BobTheGardener


Latest posts by BobTheGardener

unknown plant

Posted: 15/08/2017 at 18:10

My guess would be iris foetidissima:


https://en.wikipedia.org/wiki/Iris_foetidissima

Leycesteria

Posted: 15/08/2017 at 17:04

It looks like Iron or Magnesium deficiency - when you see green veins but pale in between it's a sign.  A quick fix for Magnesium is to spray with Epsom salts - a 5ml spoonful dissolved in a litre of water is about right and also water some onto the roots.  Iron chelate watered onto the roots will help with Iron deficiency.


The cause of the deficiency could be due to soil pH though and that would need addressing in the longer term.

Last edited: 15 August 2017 17:05:19

perfumed clematis

Posted: 15/08/2017 at 15:58

I can only just detect the scent of Freckles with nose to flower but Montanas can carry further although it's still a very delicate fragrance.

Last edited: 15 August 2017 15:58:28

Plant identification

Posted: 15/08/2017 at 15:53

Looks like a knautia.

Unidentified 'shrub' - olive like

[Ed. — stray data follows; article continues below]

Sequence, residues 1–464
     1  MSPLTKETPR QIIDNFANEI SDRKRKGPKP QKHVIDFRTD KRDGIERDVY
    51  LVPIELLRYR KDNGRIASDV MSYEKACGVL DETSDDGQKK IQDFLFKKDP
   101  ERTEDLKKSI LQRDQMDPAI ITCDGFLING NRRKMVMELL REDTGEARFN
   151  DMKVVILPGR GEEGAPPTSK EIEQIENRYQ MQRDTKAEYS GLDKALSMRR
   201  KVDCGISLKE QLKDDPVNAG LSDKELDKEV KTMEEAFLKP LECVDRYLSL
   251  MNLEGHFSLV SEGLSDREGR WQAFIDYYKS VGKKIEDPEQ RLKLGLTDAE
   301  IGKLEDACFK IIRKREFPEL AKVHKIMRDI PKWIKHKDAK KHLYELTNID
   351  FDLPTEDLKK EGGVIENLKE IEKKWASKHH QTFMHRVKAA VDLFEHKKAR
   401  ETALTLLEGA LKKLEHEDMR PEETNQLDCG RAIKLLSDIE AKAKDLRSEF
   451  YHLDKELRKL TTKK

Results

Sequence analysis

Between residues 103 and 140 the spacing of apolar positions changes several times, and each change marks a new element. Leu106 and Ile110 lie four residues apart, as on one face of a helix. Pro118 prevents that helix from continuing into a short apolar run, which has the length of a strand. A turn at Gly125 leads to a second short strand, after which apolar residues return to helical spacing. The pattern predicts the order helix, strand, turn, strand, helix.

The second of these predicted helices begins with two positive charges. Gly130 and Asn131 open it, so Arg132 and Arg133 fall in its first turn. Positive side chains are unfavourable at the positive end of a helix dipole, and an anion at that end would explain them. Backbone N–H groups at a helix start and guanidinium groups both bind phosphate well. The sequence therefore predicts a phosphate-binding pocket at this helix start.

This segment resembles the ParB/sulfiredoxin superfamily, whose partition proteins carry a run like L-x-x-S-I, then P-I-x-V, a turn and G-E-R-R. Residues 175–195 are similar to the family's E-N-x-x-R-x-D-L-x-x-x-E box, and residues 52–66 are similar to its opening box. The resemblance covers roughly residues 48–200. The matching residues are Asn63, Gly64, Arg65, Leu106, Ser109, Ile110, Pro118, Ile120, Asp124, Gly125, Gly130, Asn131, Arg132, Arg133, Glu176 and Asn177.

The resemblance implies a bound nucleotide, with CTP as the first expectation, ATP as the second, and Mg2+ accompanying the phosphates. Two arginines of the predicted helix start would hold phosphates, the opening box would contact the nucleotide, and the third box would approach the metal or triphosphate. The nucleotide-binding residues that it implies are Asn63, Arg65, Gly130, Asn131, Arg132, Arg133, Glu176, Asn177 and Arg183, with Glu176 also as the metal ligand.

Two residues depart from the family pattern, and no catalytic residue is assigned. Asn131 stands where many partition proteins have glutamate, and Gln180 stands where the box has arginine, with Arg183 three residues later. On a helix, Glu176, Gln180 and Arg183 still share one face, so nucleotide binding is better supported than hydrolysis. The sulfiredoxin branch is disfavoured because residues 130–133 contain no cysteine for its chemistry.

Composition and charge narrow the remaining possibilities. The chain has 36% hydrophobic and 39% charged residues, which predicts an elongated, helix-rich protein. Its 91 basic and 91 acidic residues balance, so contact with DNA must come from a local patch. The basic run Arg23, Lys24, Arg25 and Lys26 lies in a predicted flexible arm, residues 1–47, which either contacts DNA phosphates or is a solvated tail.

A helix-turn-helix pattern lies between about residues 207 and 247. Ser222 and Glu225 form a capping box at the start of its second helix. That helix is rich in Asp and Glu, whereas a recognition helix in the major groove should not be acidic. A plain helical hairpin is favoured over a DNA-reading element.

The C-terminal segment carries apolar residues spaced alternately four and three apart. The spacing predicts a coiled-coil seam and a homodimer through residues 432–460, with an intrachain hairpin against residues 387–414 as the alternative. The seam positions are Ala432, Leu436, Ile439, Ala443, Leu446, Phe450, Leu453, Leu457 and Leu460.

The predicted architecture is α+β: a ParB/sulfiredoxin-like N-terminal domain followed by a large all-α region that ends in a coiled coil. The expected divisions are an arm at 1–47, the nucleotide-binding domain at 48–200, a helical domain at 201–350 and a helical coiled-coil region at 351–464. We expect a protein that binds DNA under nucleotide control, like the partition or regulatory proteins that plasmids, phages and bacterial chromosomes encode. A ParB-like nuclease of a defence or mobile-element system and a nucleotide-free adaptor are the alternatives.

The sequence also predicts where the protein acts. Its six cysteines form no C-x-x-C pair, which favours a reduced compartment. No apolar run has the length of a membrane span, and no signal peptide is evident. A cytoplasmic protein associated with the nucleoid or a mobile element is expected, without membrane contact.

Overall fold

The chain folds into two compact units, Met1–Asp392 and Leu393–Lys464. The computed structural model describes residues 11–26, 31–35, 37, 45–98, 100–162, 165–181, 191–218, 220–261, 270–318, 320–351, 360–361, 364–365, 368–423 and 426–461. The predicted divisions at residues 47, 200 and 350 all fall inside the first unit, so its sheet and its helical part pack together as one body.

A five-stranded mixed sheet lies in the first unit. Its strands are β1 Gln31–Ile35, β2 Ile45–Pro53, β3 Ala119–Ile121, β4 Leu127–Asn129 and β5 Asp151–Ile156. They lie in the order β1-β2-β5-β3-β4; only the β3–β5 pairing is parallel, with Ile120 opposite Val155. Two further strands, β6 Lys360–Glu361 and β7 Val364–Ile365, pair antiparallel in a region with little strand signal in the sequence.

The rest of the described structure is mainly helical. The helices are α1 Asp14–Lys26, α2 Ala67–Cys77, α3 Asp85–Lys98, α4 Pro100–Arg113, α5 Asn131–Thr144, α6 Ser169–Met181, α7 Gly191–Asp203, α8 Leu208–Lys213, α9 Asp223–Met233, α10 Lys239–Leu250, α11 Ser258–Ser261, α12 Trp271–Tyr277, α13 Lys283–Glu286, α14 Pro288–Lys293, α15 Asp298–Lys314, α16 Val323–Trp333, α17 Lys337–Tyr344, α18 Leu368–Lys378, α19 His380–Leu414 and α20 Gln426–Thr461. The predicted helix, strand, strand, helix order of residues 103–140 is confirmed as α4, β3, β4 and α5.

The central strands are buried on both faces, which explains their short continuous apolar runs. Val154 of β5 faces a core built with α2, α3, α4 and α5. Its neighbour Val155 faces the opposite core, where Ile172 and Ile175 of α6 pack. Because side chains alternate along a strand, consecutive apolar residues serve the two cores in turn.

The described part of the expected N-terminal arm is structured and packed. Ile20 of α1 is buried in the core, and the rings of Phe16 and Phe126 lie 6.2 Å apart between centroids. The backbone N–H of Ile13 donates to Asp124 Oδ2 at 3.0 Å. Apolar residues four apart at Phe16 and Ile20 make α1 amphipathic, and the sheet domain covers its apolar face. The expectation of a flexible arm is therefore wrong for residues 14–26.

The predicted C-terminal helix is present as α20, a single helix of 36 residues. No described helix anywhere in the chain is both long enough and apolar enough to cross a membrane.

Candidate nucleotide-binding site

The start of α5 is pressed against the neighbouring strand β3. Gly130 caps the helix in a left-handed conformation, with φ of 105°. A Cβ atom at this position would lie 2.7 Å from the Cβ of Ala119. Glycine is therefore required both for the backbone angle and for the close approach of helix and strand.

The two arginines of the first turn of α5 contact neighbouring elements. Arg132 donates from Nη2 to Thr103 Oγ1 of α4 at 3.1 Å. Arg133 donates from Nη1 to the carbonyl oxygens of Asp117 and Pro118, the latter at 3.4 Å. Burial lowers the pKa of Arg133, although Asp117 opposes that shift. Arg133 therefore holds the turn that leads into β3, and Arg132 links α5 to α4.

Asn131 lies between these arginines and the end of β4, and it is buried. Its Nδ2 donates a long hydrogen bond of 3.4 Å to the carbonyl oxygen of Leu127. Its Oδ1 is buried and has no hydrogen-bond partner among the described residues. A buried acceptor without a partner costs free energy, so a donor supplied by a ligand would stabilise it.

Posted: 15/08/2017 at 11:34

I think it's Solanum pseudocapsicum, often called Winter cherry.  It's not hardy and the fruits will turn orange but are toxic.  Usually grown as a houseplant.


Edit: same thing I think, Hosta.

Last edited: 15 August 2017 11:35:49

Very tall flowers, could you name them please.

Posted: 15/08/2017 at 10:34

A prime candidate for the 'Chelsea chop' next year?  Doing that might keep them down to a more reasonable height and produce more flower heads.

Wildlife pond

Posted: 14/08/2017 at 19:42

Superb - looks like it has been there for decades, not months!

Can anyone help me identify this plant

Posted: 14/08/2017 at 19:36

It look familiar but can't quite put my finger on it.  One of the erigerons, perhaps?

Grow your own bamboo canes

Posted: 14/08/2017 at 18:03

I also use them, Richard.  Dry them out completely before use, somewhere under cover if you can.  I don't think they'd take root but they do rot quickly unless dried out first.  I leave mine in a dry shed over the winter and use them the next spring.

Try again for I.D

Posted: 14/08/2017 at 17:43

Are you in the US, Jay?  If so they are native in the south there so it could be a gift from the birds.  Otherwise it may have been a stray bulb mixed with the others you bought.

Discussions started by BobTheGardener

Some kind of mint?

 
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1 to 15 of 44 threads